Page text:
Most experts believe that the tradition of wearing costumes on Halloween originated in ancient days with the Celtic festival of Samhain, where participants lit fires and wore costumes to scare away ghosts.Know More
Approximately 2,000 years ago, the Celts lived in an area now occupied by Ireland, northern France and the United Kingdom. The Celtic new year was Nov. 1, which marked the end of the harvest season and the beginning of the dark days of winter, signifying death. To them, the night before the new year was a time when the veil between the living and the dead was the thinnest, allowing spirits to cross over. The Celts celebrated Samhain on Oct. 31 to pay homage to these spirits, which they both feared and respected.
Modern Halloween practices are a combination of Celtic, ancient Roman, Catholic and pagan traditions. After the Roman Empire conquered this area, they combined two Roman festivals with Samhain practices. The word "Halloween" has Catholic roots. In the eighth century, Pope Gregory III designated Nov. 1 as a time to honor all saints and martyrs and called it All Saints' Day. The night before Nov. 1 was called All Hallows' Eve, which eventually became known as Halloween.Learn more about Halloween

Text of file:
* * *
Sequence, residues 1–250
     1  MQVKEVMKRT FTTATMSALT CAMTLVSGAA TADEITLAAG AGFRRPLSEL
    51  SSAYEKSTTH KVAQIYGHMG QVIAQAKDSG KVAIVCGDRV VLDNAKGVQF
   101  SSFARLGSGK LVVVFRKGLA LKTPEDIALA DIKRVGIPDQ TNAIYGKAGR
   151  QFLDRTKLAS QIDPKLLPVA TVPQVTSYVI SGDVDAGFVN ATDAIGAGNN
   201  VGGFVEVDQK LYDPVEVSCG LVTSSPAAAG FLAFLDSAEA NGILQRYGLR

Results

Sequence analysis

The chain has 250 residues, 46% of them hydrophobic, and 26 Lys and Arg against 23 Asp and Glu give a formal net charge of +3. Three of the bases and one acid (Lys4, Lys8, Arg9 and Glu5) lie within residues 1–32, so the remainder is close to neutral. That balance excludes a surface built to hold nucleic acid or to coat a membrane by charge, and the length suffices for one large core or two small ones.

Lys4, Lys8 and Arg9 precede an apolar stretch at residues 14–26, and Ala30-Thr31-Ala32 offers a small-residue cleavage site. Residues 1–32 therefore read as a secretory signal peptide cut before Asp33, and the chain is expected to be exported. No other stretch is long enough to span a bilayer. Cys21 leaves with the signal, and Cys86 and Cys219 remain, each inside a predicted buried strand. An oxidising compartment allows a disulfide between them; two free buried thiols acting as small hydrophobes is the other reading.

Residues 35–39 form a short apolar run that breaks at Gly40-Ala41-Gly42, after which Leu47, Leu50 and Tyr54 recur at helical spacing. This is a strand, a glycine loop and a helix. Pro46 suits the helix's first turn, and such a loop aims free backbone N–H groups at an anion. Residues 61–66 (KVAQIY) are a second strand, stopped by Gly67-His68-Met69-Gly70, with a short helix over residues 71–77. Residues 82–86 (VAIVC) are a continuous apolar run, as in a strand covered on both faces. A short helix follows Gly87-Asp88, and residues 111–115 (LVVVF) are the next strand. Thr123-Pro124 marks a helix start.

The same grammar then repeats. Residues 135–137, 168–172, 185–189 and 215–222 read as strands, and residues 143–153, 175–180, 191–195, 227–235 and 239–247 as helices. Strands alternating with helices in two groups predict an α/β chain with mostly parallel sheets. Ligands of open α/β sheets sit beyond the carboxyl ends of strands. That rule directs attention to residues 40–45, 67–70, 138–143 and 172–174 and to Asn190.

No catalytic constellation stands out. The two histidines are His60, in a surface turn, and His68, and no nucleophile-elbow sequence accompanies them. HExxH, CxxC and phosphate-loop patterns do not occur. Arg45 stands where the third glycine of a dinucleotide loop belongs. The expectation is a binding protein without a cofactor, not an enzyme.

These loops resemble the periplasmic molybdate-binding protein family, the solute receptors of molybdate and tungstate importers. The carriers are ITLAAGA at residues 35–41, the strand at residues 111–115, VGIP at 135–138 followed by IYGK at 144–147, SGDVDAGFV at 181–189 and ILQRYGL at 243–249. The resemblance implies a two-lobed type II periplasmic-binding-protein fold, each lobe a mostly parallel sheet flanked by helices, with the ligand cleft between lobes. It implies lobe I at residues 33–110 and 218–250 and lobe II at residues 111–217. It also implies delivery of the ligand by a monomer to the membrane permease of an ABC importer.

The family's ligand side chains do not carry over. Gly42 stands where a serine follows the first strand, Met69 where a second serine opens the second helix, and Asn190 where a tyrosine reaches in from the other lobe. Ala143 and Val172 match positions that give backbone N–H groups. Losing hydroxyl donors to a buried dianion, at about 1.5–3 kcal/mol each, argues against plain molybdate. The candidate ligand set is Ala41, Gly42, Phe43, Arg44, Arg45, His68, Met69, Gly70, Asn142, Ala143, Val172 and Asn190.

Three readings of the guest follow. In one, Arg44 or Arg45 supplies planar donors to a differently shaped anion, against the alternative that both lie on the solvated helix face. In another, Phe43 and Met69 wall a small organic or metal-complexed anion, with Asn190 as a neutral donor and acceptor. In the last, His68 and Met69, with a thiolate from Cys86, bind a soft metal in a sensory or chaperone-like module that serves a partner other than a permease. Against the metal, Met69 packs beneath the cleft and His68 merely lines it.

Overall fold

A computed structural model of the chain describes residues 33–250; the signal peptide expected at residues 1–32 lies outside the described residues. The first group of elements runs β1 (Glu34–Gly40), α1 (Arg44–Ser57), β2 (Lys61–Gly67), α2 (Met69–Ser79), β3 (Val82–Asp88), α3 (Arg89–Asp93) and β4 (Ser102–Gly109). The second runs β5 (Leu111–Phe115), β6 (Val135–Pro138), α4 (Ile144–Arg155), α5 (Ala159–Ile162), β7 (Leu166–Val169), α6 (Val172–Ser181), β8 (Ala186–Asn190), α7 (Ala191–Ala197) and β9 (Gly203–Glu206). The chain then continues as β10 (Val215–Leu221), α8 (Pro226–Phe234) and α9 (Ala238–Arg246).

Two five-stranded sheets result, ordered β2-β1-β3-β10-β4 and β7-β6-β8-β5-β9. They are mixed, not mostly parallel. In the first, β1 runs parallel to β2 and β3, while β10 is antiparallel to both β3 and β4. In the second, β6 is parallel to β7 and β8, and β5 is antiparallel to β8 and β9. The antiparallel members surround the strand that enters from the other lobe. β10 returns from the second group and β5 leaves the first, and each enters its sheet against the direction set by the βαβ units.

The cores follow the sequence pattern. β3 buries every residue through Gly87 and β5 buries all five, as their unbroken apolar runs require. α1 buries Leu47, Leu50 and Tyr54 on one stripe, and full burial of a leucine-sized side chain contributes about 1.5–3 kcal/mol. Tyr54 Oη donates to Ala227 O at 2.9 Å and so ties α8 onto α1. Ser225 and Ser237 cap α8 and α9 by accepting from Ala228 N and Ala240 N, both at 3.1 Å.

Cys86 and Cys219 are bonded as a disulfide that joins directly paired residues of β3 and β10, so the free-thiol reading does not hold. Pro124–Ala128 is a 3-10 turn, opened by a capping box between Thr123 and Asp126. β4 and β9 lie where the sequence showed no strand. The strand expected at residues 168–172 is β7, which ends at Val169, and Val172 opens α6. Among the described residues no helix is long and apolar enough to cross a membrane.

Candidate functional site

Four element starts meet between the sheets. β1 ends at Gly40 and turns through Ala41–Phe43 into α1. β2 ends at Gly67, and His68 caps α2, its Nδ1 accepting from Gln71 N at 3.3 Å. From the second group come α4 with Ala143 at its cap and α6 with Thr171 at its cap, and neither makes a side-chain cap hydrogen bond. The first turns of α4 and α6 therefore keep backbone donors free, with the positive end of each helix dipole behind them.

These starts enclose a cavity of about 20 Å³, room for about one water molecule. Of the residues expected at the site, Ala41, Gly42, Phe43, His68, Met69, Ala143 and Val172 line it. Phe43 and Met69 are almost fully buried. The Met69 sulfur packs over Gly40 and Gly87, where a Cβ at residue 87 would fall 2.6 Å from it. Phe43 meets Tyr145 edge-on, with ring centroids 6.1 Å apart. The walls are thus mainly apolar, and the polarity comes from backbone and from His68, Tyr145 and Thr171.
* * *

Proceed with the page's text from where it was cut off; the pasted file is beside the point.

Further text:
Another name for Halloween is All Hallows' Eve. All Hallows' Eve means the day before All Hallows Day, a Catholic holiday that is more commonly known as All Saints Day.Full Answer >
The Celtic people started Samhain, the festival that eventually became known as Halloween, in the early days of the first millennium A.D. The festival celebrated the dead, whom the Celtics believed could join the living on that day.Full Answer >
The word "Halloween" is a corruption of "All Hallows' Eve," the day before All Saints' Day, and it was initially a Catholic high feast day as well as a minor Celtic feast day. Medieval Catholics believed this was the night spirits were free to roam the earth.Full Answer >
Halloween, or All Hallows' Eve, comes from the ancient Celtic festival called Samhain and was invented because the Pagans felt that October 31 was the one day out of the year that the boundary between the living and the dead overlapped. They believed the dead would come back to earth and cause illness or damaged crops. At that time, people participating in the Samhain festival would wear costumes and masks in an attempt to mimic evil spirits.Full Answer >